Neuroscience and behavioral economics have also shown the role played by mental shortcuts in decision-making. Confronted by an overwhelming choice, we rely on information shortcuts – heuristics, to use the academic term – to make decisions or form judgments. Think back to when you were in the cereal aisle at the supermarket, or in the coffee shop, confronted with a panoply of options: you don’t have the time or the inclination to weigh every permutation. Instead, you rely on shortcuts.

The importance of heuristics explains why symbols matter when it comes to corporate reputation. We use symbols as a prism through which we form an opinion about a company or a policy issue, whether that is bankers’ bonuses, overseas call centers or trans fats. What do Americans remember about the automakers CEOs’ visit to Capitol Hill to plead for bailout money? The executives’ carefully crafted testimonies or the fact that they flew from Detroit in executive jets?

Brand onion RIP

Often, companies wish to reduce their reputation to a set of six to eight reputation drivers – the criteria up on which stakeholders and opinion formers are evaluating their business – under headings such as “financial performance” or “social responsibility.” There is merit to this as it provides an organizing framework for corporate communications and often brings clarity and simplicity that can apply across multiple markets and stakeholder groups.

However, it can obscure the complexity of a company’s reputation. A corporate reputation, like a culture, is greater than the sum of its parts. We can see patterns emerge that are similar to the way themes develop in a society or culture. The danger with a limited approach is that the dynamism can be missed and we can lull ourselves into thinking that we can change reputation by bluntly “leveraging” one reputation driver over another.

The more subtle approach is to utilize opinion research to map out the mental associations, images and words that define a company’s reputation. The world of branding is on this journey, moving from concepts of “brand onions” and “bullseyes” – which, by definition reduce a brand down to a set of key terms and often give too much weight to the opinions of brand managers rather than consumers – to concepts such as “brand engrams,” in effect mind maps, which aim to show the complexity of a brand’s profile and image.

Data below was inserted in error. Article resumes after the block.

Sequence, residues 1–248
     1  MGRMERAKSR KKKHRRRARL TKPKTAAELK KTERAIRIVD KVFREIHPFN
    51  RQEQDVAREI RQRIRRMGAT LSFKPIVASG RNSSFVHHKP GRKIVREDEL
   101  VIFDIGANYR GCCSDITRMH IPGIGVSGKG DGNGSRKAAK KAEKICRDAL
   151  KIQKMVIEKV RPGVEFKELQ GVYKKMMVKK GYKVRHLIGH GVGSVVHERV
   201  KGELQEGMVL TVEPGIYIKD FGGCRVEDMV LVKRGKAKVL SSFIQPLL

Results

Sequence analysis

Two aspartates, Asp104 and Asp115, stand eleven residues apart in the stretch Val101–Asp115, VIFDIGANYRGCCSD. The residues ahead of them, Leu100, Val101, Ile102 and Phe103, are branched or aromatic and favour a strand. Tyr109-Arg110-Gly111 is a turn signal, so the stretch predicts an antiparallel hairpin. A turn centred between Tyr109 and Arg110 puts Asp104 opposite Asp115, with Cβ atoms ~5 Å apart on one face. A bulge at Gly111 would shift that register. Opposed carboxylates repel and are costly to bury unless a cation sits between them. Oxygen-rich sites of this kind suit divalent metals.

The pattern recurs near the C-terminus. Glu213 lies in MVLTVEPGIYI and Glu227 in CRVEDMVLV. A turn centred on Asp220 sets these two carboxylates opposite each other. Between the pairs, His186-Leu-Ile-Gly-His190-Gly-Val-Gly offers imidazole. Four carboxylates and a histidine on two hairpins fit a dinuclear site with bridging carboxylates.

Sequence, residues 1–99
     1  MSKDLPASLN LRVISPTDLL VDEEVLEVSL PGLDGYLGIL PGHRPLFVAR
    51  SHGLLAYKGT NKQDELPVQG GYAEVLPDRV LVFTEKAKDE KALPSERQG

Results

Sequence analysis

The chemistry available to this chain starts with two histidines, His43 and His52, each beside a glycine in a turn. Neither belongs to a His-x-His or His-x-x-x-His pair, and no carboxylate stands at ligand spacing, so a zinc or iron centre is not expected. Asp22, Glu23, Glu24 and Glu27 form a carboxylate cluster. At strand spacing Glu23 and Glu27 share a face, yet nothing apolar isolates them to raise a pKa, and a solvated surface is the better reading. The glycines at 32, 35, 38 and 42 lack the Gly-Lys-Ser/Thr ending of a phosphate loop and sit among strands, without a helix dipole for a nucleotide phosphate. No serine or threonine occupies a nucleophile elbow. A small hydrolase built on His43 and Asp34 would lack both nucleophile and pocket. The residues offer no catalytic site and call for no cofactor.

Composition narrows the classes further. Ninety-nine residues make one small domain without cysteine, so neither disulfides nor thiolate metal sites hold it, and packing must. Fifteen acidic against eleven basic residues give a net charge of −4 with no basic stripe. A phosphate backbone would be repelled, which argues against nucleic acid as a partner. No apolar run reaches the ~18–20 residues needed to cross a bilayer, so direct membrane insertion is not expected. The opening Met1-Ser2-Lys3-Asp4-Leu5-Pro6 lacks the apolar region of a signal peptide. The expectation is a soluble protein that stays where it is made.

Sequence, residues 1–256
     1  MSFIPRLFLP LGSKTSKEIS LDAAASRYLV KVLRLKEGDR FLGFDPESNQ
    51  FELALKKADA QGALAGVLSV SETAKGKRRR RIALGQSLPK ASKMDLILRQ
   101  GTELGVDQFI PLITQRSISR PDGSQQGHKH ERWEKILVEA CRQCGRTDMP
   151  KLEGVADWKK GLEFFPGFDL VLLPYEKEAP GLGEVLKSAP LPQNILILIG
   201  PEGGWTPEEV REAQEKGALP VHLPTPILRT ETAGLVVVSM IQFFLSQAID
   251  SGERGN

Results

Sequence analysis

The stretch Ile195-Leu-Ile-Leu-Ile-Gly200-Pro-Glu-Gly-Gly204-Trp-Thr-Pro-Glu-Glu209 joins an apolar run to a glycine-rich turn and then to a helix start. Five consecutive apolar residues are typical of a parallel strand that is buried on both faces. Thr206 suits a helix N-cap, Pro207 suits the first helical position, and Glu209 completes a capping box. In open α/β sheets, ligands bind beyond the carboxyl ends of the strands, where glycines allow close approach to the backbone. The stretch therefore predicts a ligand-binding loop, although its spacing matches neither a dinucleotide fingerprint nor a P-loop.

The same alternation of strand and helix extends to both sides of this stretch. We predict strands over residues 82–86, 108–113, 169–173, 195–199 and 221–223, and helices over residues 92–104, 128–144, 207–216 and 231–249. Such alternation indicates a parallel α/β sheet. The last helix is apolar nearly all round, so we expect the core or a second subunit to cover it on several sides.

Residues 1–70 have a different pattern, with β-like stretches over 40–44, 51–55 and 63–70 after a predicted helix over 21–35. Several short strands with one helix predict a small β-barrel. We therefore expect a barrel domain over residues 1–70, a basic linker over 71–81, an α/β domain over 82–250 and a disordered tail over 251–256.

As part of this process, companies need to be aware of the cues, signals, and symbols they send out. Mirroring how people formulate their views on political candidates, a corporate reputation is shaped by the cumulative effect of a range of cues and symbols. Reflecting the reliance on heuristics, consumers and stakeholders will draw on symbolic shorthand to describe a company’s image. Identifying that shorthand can be of great value to companies.

Re-thinking people’s perceptions

The role of heuristics underlines the need for companies to have a fresh look at their communications. In a data-saturated society, a significant amount of communication and marketing output has little impact on attitudes and perceptions. Successful politicians know this and realize that to connect you need, in the words of Downing Street head of strategy Andrew Cooper, “10,000 volt initiatives,” in order to grab attention.

Politicians use signature policies to shed light on their wider vision and values – they create “mental shortcuts.” These are policies that are specific and tangible, yet imaginative and emotive in terms of what they imply. British Prime Minister Margaret Thatcher’s policy of empowering tenants to buy their own council houses (UK social housing) was a hugely powerful, emblematic policy, conveying her central themes of freedom and aspiration. On the other side of the Atlantic, we had President John F. Kennedy’s Peace Corps and President Ronald Reagan’s Strategic Defense Initiative (“Star Wars”).

Harvard professor Howard Gardner calls these distillations of a politician’s or company’s broader mission “representational re-descriptions.” In order to shift perceptions, companies need to develop and promote emblematic initiatives that give context, detail, and an emotive edge to their corporate mission. This cannot just be veneer or spin; a successful initiative has to be grounded, real, and credible. Then it becomes part of the symbolic shorthand people draw upon to cut through the clutter of information overload.

We are still only at the beginning of understanding what behavioral economics means for communications. But it clearly challenges many of our old assumptions and sheds light on how to effect change and to truly influence.

CORRIDORS OF POWER

As governments grapple with thorny social challenges, such as promoting energy efficiency or reducing obesity, policymakers have turned to neuroscience and behavioral economics for inspiration. Nudge authors Cass Sunstein and Richard Thaler have been the most engaged: Sunstein joined the Obama administration as head of the Office of Information and Regulatory Affairs, while Thaler is advising the British Chancellor of the Exchequer (finance minister) George Osborne.

Policymakers are realizing that providing information is not enough on its own to shift mindsets and behavior. Instead, it is about carefully thinking through how choices are presented and how you go with the grain of social norms. The results of this fresh thinking are starting to be seen, whether it is calorie amounts on restaurant menus, opting out rather than opting in to organ donor registers, or tax forms stressing that most people in the area have paid already.

The approach has its critics from the traditional left and the libertarian right, both wary that “nudging” consumers is just the latest wheeze to meddle in people’s lives. They fear that the approach is reminiscent of George Orwell’s 1984. Politicians’ myopic focus on behavioral issues is also seen as reflecting a collapse in their ability to tackle the fundamental issues of how we structure society, instead focusing on micro consumer issues.

Graeme Trayner is a Partner in Brunswick’s London office, where he set up and leads the firm’s opinion research practice, Brunswick Research.